Naomi Fried is a thought leader in healthcare innovation and digital health. She was Biogen’s first VP of Innovation, Medical Information, and External Partnerships. She led five functions catalyzing innovation to support patients and healthcare professionals. She developed the strategy for and led the “innovation beyond the molecule” program to deliver non-pharmacological value to patients and providers.
Previously, Naomi was Boston Children’s Hospital’s (BCH) first Chief Innovation Officer. She built and led the Innovation Acceleration Program, which focused on enhancing the innovation culture, improving care quality, and assisting the hospital in shaping the future of health care. The Innovation Acceleration program supported strategic innovation initiatives, resourced grass roots innovation, and identified unmet innovation opportunities. Naomi oversaw the creation and administration of the Innovestment seed grant program which supported 37 projects and the FastTrack Innovation (FIT) in Technology Program which developed 9 novel clinical software solutions and mobile apps. She also initiated and led the development of BCH’s telehealth strategy.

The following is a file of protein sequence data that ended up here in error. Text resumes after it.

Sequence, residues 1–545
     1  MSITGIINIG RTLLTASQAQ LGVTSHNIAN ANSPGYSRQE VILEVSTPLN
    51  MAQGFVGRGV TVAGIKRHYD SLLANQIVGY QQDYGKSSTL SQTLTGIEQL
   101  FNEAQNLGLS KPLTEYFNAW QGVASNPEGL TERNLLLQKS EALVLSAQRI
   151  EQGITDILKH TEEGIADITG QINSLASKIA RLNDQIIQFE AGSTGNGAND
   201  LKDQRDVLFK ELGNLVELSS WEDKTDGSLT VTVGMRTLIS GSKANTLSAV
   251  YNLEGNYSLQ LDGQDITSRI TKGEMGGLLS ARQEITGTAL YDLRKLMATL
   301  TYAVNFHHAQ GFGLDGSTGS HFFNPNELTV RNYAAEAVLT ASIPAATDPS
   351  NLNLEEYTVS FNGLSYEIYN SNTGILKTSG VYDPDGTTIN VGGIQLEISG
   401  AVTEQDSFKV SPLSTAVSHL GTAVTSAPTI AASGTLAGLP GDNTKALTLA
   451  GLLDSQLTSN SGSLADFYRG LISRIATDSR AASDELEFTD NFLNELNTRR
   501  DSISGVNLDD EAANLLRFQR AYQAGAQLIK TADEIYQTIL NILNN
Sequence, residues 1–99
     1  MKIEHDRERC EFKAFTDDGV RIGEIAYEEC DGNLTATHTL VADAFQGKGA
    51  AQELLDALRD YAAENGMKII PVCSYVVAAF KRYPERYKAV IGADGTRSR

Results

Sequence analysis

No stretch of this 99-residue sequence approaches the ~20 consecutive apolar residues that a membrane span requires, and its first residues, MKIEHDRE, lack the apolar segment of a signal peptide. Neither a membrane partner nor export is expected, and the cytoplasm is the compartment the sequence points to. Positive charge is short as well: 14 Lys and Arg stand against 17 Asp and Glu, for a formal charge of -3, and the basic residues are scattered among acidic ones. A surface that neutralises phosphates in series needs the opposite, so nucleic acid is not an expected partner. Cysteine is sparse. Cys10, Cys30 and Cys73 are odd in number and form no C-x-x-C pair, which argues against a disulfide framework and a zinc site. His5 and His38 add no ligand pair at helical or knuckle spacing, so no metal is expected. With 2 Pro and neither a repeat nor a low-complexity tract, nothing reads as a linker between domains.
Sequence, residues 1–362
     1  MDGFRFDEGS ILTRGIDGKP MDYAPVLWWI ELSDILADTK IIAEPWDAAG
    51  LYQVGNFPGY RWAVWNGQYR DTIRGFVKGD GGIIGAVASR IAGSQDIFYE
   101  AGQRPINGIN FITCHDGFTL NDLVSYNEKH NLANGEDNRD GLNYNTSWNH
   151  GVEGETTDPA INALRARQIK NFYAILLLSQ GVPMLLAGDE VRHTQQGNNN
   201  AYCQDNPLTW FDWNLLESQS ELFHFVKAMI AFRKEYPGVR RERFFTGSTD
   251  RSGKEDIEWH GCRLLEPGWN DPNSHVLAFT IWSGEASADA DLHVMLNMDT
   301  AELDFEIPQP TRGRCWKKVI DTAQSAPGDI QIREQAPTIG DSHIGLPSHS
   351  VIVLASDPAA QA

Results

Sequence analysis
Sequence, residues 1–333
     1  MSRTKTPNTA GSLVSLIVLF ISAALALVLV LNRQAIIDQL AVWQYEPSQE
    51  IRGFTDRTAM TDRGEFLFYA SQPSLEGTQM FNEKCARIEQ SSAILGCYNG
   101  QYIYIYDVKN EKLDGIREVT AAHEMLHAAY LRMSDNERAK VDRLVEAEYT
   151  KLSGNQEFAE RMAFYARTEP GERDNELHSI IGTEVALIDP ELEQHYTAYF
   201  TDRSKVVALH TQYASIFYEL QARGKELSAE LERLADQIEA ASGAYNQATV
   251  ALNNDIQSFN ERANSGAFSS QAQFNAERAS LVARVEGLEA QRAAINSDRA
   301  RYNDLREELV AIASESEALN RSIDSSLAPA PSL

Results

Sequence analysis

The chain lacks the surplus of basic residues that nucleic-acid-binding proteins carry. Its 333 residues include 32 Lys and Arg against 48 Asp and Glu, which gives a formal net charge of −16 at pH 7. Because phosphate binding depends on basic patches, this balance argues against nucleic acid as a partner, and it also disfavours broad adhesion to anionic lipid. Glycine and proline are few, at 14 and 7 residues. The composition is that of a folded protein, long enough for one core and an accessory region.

Prior to BCH, she was the VP of Innovation and Advanced Technology at Kaiser Permanente (KP) where she led an effort to identify and assess new and emerging health care technology; chaired the board of its internal Innovation Fund for Technology; formed KP’s Telehealth Working Group; was involved in the start-up and governance of KP’s Innovation lab, the Sidney R. Garfield Center for Health Care Innovation; and was Managing Director of the Archimedes Project.
Naomi received her Ph.D. in Materials Science from MIT and her B.S. in Chemistry from the University of California, Berkeley.
Co-founder, CEO & Chief Privacy Officer
As CEO, Travis leads Datica’s vision. His background in compliance, security, and cloud infrastructure gives him technical expertise that, when paired with his experiences as an MD, allows for a unique view on the challenges of healthcare.
Before founding Datica, Travis explored a diverse background, starting with business and technology. After securing his MBA and MS, he analyzed security systems with PriceWaterhouseCoopers and Booz Allen Hamilton. Eventually Travis crossed into the clinical world, becoming an MD in 2011.
In 2016, Travis joined the HITRUST Alliance Business Associates Council as a founding member alongside such companies as Microsoft, Humana, United Health Group, Salesforce, and Epic.
You can find Travis presenting on the future of healthcare transformation at events throughout the year, or hosting podcast interviews with industry luminaries. He is an active writer with over 450 publications on HIStalk Mobile.